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Pier Francesco Mola (Coldrerio, near Lugano 1612-1666)
Property from a European Private Collection
Pier Francesco Mola (Coldrerio, near Lugano 1612-1666)

The Madonna and Child with the Infant Saint John the Baptist: Madonna del Latte

Details
Pier Francesco Mola (Coldrerio, near Lugano 1612-1666)
The Madonna and Child with the Infant Saint John the Baptist: Madonna del Latte
oil on canvas
29 5/8 x 24 in. (75.3 x 61 cm.)
Provenance
John Crewe (1742-1829), 1st Baron Crewe, Crewe Hall, Cheshire, by whom acquired during his Grand Tour, and by descent to
Robert Crewe-Milnes (1858-1945), 1st Marquess of Crewe, and by descent to his grandsons,
James Colin Crewe (1922-2015) and Quentin Hugh Crewe (1926-1998); Christie's, London, 9 July 1976, lot 162.
with Matthiesen, London, from 1981 to 1986.
Anonymous sale; Finarte, Lugano, 16 May 1992, lot 21.
with Bruno Scardeoni, Lugano, from whom acquired by the present owner.
Literature
D. Ekserdjian, Correggio, Cinisello Balsamo, 1997, pp. 144, 307, note 18.
L. de Frutos, El tempo de la fama: Alegoría del Marqués del Carpio, Madrid, 2009, p. 379.
F. Petrucci, Pier Francesco Mola (1612-1666): Materia e colore nella pittura del '600, Rome, 2012, pp. 304-305, no. B45.
Exhibited
London, Matthiesen Fine Art, Important Italian Baroque Paintings 1600-1700: An exhibition in aid of restoration of the Guarino paintings at Solofra and the Giottesque frescoes in Sta. Chiara, Naples, 1981, no. 30.
London, Matthiesen Fine Art, Baroque III 1620-1700, 13 June-15 August 1986, no. 13

Lot Essay

Pier Francesco Mola’s Madonna and Child with the Infant Saint John the Baptist is inspired by Correggio’s celebrated Madonna del Latte, painted over a century earlier in 1520, and now in the Szépmuvészeti Múzeum, Budapest (fig. 1). Correggio’s prototype was evidently much admired and once belonged to Cardinal Pietro Aldobrandini (1571-1621), noted in the inventory of his collection as early as 1603 (Petrucci, loc. cit.). Mola is not the only painter to have been inspired by Correggio’s superb representation: the painting was captured by Sir Anthony van Dyck in a pen and ink drawing, while in the Aldobrandini collection (sold Sotheby’s, London, 9 April 1981, lot 23) and was similarly emulated by Annibale Carracci, Anton Domenico Gabbiani and Baciccio (Petrucci, op. cit.).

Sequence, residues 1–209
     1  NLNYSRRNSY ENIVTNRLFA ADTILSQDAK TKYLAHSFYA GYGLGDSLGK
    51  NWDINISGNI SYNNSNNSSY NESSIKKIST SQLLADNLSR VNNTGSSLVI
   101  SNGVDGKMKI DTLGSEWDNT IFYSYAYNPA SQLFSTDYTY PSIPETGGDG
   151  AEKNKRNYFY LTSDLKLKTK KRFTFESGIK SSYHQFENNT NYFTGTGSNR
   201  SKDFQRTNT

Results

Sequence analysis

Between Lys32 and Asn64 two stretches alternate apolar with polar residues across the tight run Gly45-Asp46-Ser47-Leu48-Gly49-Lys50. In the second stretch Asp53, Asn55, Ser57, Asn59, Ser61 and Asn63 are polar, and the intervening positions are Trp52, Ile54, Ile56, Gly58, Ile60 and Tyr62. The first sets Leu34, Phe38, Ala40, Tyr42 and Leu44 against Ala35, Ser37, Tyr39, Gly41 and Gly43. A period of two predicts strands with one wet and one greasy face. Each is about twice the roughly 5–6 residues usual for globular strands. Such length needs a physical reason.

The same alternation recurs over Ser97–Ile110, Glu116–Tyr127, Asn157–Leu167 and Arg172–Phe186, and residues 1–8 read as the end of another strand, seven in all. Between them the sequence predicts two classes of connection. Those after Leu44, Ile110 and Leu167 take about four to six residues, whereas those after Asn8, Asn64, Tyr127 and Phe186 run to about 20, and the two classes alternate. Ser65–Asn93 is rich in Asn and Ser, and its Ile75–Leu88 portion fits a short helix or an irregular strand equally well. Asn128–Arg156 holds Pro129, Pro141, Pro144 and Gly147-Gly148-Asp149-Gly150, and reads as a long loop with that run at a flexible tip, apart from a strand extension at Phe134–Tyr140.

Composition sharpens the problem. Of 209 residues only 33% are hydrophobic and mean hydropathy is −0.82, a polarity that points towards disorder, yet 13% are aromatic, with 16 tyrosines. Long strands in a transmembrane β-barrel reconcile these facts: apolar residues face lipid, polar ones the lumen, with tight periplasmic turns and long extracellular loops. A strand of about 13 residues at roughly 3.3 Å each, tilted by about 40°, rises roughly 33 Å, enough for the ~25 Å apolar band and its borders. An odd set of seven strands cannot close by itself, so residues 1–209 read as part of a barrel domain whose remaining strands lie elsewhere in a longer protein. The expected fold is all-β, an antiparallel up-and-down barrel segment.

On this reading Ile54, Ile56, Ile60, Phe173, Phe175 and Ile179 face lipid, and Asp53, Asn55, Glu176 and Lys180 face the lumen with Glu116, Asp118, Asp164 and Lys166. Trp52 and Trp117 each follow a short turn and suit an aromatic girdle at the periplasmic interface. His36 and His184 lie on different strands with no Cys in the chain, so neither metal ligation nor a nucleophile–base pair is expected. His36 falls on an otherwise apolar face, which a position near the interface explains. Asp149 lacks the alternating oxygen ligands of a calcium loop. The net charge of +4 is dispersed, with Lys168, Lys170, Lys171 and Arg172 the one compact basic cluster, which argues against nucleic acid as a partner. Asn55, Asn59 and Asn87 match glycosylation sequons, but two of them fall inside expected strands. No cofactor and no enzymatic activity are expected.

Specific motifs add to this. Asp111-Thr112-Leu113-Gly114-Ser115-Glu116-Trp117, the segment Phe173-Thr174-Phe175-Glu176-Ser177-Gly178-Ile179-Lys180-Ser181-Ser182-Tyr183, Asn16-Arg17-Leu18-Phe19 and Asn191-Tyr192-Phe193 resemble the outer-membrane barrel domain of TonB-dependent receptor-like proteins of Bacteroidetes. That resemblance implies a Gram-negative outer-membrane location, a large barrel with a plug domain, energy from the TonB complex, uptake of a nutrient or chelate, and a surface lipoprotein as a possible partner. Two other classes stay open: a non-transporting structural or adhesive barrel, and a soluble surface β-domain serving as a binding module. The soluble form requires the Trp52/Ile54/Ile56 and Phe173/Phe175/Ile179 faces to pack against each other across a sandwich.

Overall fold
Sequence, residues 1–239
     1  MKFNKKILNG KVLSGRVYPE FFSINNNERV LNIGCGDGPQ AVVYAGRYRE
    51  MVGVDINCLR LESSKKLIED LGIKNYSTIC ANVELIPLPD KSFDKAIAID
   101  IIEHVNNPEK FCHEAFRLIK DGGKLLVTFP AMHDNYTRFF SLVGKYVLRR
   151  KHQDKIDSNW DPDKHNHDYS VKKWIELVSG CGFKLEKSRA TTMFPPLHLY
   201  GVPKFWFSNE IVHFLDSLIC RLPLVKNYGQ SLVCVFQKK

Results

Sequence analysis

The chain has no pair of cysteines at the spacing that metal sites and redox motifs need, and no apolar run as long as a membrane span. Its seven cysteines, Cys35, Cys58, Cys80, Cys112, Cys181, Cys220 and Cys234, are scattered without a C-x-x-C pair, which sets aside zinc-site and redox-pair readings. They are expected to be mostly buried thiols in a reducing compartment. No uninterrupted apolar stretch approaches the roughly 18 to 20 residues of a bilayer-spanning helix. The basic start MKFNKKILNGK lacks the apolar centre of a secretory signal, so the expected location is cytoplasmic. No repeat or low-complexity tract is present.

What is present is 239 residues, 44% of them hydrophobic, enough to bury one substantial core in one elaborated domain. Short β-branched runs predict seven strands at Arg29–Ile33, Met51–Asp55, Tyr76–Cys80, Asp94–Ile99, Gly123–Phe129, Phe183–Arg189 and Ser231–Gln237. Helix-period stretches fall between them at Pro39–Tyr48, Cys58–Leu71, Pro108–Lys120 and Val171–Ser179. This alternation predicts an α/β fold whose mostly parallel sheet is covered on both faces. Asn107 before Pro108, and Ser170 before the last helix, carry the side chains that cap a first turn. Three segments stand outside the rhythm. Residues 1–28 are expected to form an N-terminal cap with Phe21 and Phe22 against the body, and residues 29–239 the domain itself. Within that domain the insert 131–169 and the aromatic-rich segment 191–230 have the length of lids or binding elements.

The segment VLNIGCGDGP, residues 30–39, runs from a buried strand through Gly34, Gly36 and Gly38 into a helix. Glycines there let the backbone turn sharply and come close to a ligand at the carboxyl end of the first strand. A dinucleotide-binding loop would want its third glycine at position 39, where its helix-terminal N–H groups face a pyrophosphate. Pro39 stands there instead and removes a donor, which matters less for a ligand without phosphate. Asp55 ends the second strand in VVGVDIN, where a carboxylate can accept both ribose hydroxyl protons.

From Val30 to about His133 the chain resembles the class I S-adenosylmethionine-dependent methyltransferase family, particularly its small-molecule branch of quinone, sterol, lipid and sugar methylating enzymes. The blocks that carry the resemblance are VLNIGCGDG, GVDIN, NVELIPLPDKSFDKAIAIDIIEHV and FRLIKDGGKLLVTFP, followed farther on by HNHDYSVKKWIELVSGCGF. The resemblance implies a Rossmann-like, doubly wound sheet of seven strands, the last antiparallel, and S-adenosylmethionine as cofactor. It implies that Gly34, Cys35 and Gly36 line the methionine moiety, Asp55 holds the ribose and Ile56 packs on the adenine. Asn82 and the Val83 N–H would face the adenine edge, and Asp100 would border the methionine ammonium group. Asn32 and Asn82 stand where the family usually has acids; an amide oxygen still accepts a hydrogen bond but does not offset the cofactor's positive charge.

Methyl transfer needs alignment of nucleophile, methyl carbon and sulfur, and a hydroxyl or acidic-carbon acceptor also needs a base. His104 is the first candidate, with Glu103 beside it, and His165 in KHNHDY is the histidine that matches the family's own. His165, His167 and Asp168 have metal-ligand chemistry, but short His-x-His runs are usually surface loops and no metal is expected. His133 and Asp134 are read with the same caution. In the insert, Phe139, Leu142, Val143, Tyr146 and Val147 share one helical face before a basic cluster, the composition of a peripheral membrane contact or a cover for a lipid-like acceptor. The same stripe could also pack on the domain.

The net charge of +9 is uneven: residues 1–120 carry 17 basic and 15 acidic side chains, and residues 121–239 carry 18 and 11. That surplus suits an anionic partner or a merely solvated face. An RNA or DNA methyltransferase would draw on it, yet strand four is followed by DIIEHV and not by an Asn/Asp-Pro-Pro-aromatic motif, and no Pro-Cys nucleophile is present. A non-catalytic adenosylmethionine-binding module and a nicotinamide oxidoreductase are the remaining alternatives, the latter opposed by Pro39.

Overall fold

Correggio’s Madonna was inherited by Olimpia Aldobrandini, Princess of Rossana – who would go on to marry Camillo Francesco Maria Pamphilj (1622-1666) – and gifted to Cinzio Aldobrandini, before passing to one Gottifredo Periberti by 1652 and was later sold by Mutio Orsini in 1682 to Gaspar Méndez de Haro (1629-1687), 7th Marchese del Carpio. It is most likely that Mola saw Correggio’s original when it was in the Periberti collection, though he may equally have seen a copy of the painting, perhaps that belonging to Olimpia Aldobrandini's husband, Camillo Pamphilj, and listed in his inventory of 1652 (F. Cappelletti and G. Capitelli, I capolavori della collezione Doria Pamphilj da Tiziano a Vela´zquez, Milan, 1996, p. 71, no. 5). In fact, Mola painted a further version of the present painting, of smaller proportions and on panel, also in the collection of Camillo Pamphilj (Galleria Doria Pamphilj, Rome). The Pamphilj version is mentioned in his inventory of the villa at Belrespiro of 6 September 1666, 'Un quadro in tavola con una Madonna, et un Bambino in braccia alto palmi 1 in circa palmi largo 1 con sua Cornice intagliata, che vi sono due gigli, e due Palombe tutta dorata fondo granito mano del Mola' ('A picture on panel with a Madonna, and a Child in her arms, around 1 palm high and 1 palm wide, with its carved Frame, which has two lilies, and two Doves, all gilded, granite background, hand of Mola'; J. Garms, Quellen aus dem Archiv Doria-Pamphilj zur Kunsttätigkeit in Rom unter Innocenz X, Rome and Vienna, 1972, p. 348).

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